Geneva, 24 September 2020
Indigenous peoples’ representatives,
Ladies and gentlemen,
It is an honour for me to address the Human Rights Council for the first time since assuming my mandate. I look forward to carrying out my Special Rapporteurship with enthusiasm and personal commitment and to build on the important work done by of my predecessors in advancing towards greater implementation of the United Nations Declaration on the Rights of Indigenous Peoples. I consider this opportunity as the culmination of my four decades of tireless advocacy in favour of indigenous peoples’ rights.
Today the emphasis of my statement will be on the three reports of my predecessor that I am presenting to the Council.
However, I must start by noting that I took office on 1st May this year, in the midst of the COVID-19 crisis. My mandate has received a huge volume of information regarding the particular risks and violations experienced by indigenous peoples all over the world, both due to the virus itself and due to measures taken by States during the crisis. The pandemic has created an unprecedented wave of fear, sadness and hardship for many people across the globe, yet indigenous peoples feel particularly forgotten and left behind.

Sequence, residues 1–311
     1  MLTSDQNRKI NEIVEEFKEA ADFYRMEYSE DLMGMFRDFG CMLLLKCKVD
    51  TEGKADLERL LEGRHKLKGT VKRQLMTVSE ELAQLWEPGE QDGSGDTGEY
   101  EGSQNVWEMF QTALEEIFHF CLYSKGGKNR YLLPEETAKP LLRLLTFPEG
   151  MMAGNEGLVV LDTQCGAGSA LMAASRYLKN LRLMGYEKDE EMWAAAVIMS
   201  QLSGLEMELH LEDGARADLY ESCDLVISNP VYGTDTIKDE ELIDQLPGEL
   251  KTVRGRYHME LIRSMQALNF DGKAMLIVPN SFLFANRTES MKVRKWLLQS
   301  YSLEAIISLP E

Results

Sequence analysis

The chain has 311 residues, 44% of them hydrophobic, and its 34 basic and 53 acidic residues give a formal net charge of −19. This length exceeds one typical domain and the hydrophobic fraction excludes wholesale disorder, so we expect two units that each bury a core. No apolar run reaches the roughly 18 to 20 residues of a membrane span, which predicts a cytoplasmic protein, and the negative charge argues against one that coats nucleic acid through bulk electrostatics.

Indigenous peoples are especially vulnerable to the disease due to inadequate access to health care, clean water and due to their prior health conditions. The escalating evictions of indigenous peoples from their lands and the loss of their traditional livelihoods, combined with the hardships of COVID-19 is aggravating extreme poverty and malnutrition in indigenous communities. Next month I will present my first report to the General Assembly. It examines the impact of COVID-19 on the rights of indigenous peoples and in this report I specifically call for greater recognition of indigenous peoples’ right to self-determination as essential to ensure their resilience to situations of crisis such as the pandemic. I also call for early inclusion of indigenous peoples and their institutions in contingency measures, crisis management and recovery planning, in order to ensure that their needs and requirements are taken into account and addressed by national programmes and policies.